UN Office for the Coordination of Humanitarian Affairs:

Famine and the “Ethiopia rising” meme: Can bricks be bread? Can starving children eat a train? November 16, 2015

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???????????Ethiopia in 2015, catatrphic famine, over 15 million people affected

This is Ethiopia in 2015: Over 15 million are like this

Famine Ethiopia 2015 BBC reportFamine in Ethiopia 2015ethi_famine_30_years1414175983

 

 

Despite the “Ethiopia rising” meme, the country remains a place where 30.7% of the population live on less than 1.25$/day ; 88 children out of 1000 live births die every year before they reach the age of 5; 67% of all deaths of children aged under 5 years take place before a child’s first birthday; a total of 34.6% of children are born underweight, while 50.7% are stunted; and Ethiopia is a country which has one of the world’s highest maternal mortality ratios (675 maternal deaths/100 000 live births). In addition, Ethiopia is now facing yet another severe drought and looming famine catastrophe ; the worst it has seen in 30 years and estimated 15 million people will likely need food assistance in 2016. UNICEF figures indicate a 27% increase in the number of children treated for Severe Acute Malnutrition already; 197 woredas had measles outbreaks; 14,300 suspected and 11,700 confirmed measles cases so far. Once again, the international community has started its never ending task of feeding hungry Ethiopians who are failed by their own government.   http://shemsubireda.tumblr.com/post/133198947059/the-ethiopia-rising-meme

The “Ethiopia rising” meme

We have been sold this “Ethiopia rising” meme for years now. The Ethiopian government keeps projecting this narrative 24/7. State media have been preoccupied with plastering images of construction projects and GDP rates on the minds of citizens; and Global “Experts on Africa” have added the “Ethiopia rising” meme to their already existing “Africa rising” meme as well.

The “Ethiopia rising” meme has become pernicious in part because it is half-truth. Construction projects are indeed visibly “booming”. We can at least see the Addis Ababa light rail with our own eyes. Sophisticated international economists tell us the latest GDP figures as well. Local, Bole resident, developmental government minions and cadres echo these GDP figures too; along with their fellow traveler, foreign born drive by reporters who are mostly based in Addis Ababa; They go out on field missions on few occasions and believe new buildings and a new light rail in Addis Ababa is the same as development of an entire country of 94 million people.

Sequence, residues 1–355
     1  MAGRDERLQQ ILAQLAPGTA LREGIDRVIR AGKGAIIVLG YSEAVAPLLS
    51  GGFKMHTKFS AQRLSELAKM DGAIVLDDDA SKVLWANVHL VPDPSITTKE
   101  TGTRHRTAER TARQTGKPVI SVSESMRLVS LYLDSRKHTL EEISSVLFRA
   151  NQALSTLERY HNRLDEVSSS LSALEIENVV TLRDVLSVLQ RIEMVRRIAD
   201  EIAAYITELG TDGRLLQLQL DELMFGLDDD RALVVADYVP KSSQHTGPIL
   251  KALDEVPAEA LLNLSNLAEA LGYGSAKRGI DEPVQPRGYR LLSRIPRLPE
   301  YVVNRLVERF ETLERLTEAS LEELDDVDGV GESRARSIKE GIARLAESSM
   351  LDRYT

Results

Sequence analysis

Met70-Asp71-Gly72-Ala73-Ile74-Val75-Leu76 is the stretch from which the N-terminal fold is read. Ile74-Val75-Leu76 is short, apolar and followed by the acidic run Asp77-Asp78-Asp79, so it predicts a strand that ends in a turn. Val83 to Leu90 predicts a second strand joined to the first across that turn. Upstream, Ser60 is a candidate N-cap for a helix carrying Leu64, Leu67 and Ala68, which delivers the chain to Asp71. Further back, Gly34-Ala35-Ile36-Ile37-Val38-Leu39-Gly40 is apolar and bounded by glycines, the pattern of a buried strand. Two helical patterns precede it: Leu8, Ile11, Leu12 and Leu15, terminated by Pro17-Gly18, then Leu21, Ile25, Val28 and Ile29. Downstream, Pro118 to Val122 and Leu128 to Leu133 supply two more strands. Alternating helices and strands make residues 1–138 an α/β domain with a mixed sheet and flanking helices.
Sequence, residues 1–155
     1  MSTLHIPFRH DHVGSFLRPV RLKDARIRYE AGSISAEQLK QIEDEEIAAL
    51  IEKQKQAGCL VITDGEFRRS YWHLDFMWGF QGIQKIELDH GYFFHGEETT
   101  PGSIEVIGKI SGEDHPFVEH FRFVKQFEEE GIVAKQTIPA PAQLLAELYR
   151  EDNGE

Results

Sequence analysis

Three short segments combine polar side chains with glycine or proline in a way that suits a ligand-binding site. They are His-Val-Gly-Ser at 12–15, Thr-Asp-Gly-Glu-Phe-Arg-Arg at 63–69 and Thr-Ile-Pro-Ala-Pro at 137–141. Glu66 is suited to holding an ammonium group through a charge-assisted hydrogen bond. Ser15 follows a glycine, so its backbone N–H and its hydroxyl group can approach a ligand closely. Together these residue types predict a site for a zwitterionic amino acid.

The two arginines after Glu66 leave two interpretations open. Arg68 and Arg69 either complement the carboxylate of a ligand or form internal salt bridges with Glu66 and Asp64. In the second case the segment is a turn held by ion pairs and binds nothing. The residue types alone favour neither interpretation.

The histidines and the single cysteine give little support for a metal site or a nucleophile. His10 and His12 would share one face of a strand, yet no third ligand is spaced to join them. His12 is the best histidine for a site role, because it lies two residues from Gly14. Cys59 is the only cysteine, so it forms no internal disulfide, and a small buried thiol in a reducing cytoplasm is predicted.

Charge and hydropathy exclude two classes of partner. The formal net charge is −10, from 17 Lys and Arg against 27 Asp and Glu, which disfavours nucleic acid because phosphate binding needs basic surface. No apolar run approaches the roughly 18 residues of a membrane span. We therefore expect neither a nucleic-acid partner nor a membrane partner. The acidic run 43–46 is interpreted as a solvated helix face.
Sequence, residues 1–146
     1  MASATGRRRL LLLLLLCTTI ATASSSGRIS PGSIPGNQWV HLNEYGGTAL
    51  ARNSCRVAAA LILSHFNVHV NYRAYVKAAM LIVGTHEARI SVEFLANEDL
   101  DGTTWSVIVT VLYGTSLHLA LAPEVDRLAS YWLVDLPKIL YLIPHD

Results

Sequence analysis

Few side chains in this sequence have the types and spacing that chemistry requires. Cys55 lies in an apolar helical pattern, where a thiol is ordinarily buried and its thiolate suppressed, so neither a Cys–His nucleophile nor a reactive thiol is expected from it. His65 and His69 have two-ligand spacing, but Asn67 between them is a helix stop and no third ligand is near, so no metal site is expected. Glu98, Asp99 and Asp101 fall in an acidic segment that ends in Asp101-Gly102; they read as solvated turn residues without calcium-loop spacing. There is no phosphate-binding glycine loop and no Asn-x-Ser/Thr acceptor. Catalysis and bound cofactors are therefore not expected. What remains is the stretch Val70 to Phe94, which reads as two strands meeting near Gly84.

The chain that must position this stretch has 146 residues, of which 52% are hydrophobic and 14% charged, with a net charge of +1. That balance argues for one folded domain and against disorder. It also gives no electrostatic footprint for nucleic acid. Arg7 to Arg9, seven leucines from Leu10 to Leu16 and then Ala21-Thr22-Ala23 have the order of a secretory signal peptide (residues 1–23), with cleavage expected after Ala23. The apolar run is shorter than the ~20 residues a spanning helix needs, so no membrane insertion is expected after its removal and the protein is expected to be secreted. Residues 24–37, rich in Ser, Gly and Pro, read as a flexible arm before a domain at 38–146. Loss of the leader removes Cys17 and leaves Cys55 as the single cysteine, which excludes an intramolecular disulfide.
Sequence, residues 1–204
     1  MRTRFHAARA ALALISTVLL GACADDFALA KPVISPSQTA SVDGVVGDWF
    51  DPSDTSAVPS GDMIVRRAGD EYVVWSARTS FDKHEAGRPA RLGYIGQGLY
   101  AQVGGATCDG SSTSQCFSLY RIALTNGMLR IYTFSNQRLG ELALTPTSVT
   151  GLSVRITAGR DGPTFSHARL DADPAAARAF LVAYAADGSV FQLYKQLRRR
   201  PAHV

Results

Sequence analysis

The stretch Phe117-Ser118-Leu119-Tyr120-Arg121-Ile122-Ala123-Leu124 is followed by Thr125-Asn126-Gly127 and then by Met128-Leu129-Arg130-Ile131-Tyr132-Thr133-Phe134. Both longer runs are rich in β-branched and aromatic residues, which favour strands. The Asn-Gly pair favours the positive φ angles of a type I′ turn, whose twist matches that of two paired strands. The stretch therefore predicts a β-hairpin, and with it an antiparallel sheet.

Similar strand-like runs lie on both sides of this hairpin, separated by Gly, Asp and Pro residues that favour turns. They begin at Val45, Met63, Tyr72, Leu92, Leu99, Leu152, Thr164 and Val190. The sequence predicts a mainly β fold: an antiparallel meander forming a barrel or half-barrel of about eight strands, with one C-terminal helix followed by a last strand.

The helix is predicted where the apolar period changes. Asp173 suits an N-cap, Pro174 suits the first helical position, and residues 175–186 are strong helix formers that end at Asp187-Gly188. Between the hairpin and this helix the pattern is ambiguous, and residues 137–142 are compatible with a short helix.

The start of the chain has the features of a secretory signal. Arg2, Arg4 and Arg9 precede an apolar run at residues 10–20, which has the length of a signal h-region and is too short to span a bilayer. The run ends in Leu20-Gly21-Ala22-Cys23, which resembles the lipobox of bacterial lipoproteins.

For such people, their echo chamber is filled with the “Ethiopia rising” noise. As a result, “Ethiopia rising” is the answer to everything. They have been so primed with this meme that they might even answer the question “What is 1 + 1?” with “Ethiopia rising”. Ask them if bricks can be bread or if starving children can eat a train and they will have no answer. (Or maybe they’ll just answer you with “Ethiopia rising”)

Skeptics of this “Ethiopia rising” meme have always been unwilling to buy into this narrative and refuse to equate Ethiopia’s GDP growth with development. Despite the “Ethiopia rising” meme, the country remains a place where 30.7% of the population live on less than 1.25$/day ; 88 children out of 1000 live births die every year before they reach the age of 5; 67% of all deaths of children aged under 5 years take place before a child’s first birthday; a total of 34.6% of children are born underweight, while 50.7% are stunted; and Ethiopia is a country which has one of the world’s highest maternal mortality ratios (675 maternal deaths/100 000 live births)